# How does regularization reduce overfitting? [duplicate]

A common way to reduce overfitting in a machine learning algorithm is to use a regularization term that penalizes large weights (L2) or non-sparse weights (L1) etc. How can such regularization reduce overfitting, especially in a classification algorithm? Can one show this mathematically?

This is related to the Bias-Variance tradeoff. The expected error can be decomposed as $$\mathrm{E}[(y - f(x))^2] = \mathrm{Bias}(f(x))^2 + \mathrm{Var}(f(x)) + \sigma^2,$$ where the bias is the systematic deviation of our estimator, $f$, from the true value, i.e. $E[f^* - f]$, where $f^*$ is the true estimator, and the variance is essentially how sensitive our estimator is to deviations in the training set. The $\sigma^2$ term is the residual noise term; this term is irreducible and can not be made to impact less with mathematics (if your samples are noise, there might be something you can do in regards to collecting the data, though).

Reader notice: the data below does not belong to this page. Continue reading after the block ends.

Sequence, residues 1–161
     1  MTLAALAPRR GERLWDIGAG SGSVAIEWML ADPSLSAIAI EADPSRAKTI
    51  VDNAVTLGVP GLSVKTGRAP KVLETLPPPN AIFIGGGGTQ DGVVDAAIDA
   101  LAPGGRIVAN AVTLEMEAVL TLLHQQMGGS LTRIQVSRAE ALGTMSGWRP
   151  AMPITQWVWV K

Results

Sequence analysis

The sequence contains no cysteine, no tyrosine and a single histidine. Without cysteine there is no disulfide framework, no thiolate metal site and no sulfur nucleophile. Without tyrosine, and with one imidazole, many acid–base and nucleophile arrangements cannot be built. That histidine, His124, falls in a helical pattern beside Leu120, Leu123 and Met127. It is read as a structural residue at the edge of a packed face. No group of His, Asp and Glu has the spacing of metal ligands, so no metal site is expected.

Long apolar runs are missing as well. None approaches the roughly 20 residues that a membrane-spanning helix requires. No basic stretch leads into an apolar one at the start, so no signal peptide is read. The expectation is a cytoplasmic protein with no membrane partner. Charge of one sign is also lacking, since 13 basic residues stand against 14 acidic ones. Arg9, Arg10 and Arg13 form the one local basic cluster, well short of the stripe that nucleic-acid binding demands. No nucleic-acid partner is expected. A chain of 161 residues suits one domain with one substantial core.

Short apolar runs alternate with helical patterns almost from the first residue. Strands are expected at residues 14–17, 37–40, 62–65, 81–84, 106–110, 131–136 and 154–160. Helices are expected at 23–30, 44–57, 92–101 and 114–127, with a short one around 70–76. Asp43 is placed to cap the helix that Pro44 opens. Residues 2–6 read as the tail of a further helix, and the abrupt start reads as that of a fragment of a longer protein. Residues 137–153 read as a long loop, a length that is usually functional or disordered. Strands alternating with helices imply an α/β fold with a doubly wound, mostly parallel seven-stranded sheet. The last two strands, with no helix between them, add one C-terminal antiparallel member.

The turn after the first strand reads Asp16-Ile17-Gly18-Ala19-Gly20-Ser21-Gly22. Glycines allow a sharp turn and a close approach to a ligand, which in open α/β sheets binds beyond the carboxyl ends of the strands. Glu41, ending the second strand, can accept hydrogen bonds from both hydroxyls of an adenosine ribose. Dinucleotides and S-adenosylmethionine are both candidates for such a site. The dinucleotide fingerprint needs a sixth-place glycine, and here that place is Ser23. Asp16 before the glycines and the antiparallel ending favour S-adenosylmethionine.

Whether or not you obtain a successful reduction in expected variance depends on your estimator and the regularisation used. For instance, for multiple linear regression and $\ell_2$ regularisation, it is possible to prove that there is a solution that reduces the expected error by properly selecting the regularisation parameter.